A Freshman at Bardic College

SCAtoday.net reporter and bard Ursula the Widow recently attended the Known World Bardic Congress and Cooks' Collegium in the Kingdom of Ealdormere, her first large bardic event. She shares her experiences in a special report.

It was the first night of the Known World Bardic Congress and Cooks' Collegium. I was far from home in Ealdormere, cowering in the corner. Even though my first SCA membership renewal lies some months in the future, I am not much of a cowerer, but this was different. These people were FAMOUS. And they all knew each other. And they all knew all the words to approximately 24,000 songs, none of which I had ever heard before. So I cowered. Practically everyone in the room seemed to be a Laurel – it was like an academic conference, where the ones who stand out are the ones who DON’T have a Ph.D. – and it was a big room.

I had started feeling out of my depth five minutes after arrival, when the very sweet lady who showed me to the ladies’ dorm asked me, "Are you a Bard or a Cook?" I didn't know what to say to her. I was sure I wasn't a cook, but to say I was a bard felt like gross imposture. I stammered hideously and finally came up with, "I'm here for the bardic classes," which seemed to satisfy everyone.

The accommodation, at a Scout leaders' training camp, was palatial by SCA standards. We had actual beds, indoors, with heat! And bathrooms! The long dorm rooms were partitioned, two beds to a cubicle, and my roomie was a cook and a lively, unpretentious sort who helped me unload and put me at ease. Throughout the weekend, she was good company and a great source of intelligence on where and when to find food. Thank God.

Cooks and bards generally keep very different hours, though. When I awoke the first morning she was long gone. Every morning when I awoke she was long gone. And when I came in at four Sunday morning, she was thinking of getting up.

My cowardice did not survive the first class: Improv for the SCA, taught by Master John Inchingham. I had first done improv nearly 30 years ago, so I felt I could handle this. And it was fun! And people were clever and witty! I started to relax. Better yet, I started to learn.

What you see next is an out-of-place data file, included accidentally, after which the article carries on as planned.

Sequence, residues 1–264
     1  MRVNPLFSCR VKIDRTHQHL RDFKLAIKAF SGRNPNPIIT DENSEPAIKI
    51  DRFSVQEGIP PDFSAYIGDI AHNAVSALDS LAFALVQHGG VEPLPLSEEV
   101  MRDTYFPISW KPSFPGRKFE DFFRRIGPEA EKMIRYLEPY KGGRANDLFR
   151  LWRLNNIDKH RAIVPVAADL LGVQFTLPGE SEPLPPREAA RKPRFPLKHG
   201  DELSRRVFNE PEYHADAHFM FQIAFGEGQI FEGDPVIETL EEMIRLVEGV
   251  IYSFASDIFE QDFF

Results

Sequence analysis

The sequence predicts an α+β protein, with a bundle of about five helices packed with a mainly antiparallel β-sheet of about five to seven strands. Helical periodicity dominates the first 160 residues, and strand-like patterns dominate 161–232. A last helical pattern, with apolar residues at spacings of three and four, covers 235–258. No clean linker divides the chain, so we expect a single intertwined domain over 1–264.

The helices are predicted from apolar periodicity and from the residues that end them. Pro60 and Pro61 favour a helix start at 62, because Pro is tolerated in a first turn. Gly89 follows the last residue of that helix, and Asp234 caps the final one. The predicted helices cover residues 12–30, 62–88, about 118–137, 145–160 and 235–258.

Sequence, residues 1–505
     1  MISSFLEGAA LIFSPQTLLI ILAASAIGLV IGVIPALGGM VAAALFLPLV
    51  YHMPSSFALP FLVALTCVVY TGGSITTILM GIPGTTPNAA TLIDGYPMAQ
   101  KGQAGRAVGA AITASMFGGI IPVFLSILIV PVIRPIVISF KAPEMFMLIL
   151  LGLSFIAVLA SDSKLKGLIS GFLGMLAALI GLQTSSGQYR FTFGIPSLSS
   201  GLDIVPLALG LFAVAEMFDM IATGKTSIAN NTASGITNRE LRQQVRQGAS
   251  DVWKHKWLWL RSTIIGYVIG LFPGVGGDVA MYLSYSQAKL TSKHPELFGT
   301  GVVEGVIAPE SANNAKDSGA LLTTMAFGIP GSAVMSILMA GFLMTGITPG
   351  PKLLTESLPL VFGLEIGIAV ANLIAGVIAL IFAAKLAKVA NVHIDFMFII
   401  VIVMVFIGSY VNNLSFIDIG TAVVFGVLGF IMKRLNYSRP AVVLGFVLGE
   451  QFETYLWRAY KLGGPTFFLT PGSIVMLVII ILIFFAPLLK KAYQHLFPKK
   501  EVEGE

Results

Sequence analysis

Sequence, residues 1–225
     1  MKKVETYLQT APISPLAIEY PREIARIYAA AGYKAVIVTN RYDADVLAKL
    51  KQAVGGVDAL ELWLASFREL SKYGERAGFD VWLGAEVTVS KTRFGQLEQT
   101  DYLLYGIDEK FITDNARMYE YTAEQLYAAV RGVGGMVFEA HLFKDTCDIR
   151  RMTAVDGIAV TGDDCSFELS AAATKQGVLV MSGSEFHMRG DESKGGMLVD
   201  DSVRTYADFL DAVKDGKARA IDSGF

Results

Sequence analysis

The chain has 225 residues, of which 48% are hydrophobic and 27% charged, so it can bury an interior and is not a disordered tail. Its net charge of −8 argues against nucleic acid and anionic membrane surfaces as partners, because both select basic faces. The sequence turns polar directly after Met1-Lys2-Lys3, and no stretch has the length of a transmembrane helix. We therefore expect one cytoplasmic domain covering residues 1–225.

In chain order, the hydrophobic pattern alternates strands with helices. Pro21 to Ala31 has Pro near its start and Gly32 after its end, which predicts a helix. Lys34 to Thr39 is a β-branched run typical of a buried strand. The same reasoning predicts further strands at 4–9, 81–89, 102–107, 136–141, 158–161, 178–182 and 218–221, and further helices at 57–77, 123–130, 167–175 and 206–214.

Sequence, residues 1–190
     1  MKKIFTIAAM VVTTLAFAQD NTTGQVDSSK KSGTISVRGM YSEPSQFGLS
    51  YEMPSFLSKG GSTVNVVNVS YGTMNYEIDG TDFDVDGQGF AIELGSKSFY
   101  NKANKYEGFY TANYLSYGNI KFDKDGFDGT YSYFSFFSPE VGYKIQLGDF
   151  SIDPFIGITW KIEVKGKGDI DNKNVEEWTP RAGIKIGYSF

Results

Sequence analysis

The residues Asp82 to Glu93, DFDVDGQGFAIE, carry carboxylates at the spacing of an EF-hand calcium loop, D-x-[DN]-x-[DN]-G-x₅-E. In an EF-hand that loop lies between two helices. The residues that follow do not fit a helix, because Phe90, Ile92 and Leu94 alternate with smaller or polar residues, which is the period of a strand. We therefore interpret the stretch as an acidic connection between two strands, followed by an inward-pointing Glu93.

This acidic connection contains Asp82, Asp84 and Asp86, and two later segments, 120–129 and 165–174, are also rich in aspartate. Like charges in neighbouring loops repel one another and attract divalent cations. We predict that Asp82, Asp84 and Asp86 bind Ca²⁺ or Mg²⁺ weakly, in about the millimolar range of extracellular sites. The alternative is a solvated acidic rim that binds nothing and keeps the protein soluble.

The next teacher – before lunch, yet! – was Marion of Heatherdale. I was not yet over my celebrity-itis, but she is such a sweet and gently-mannered lady, I managed to stop thinking about her fame and her European tour long enough to listen to what she was saying. The focus of the class was finding new inspiration for song and story. Mistress Marion suggested areas of SCA experience we could use to develop ideas, and encouraged us to make a list during the weekend of five topics we wanted to try.

My next class was Bawdy Songs, taught by Lord Gyric. I had been greatly looking forward to this one, and I was not disappointed. It turned out that, unlike all other areas of SCA repertoire, this one contained songs I actually knew! The day so far had been full of inspiration. I went off by myself to work on a piece I was writing, and I wrote in my notebook, "I don’t care any more if I'm the least experienced (I am) or if my garb is basic (it is) or if everyone else knows more songs than me (they do). I just want to get this done."

Master Garraed Galbraith, onetime Bard of Ealdormere, (the current Bard of Ealdormere is Justinian), taught a class in Words and Music, about creating a tune that goes with your words. As a longtime writer and brand new songwriter, this was exactly what I was looking for, and judging by the eager faces in the room, I was far from alone. Unfortunately the advice, while valuable, did not make the process easy! But we all did go away feeling energized and a whole lot better informed.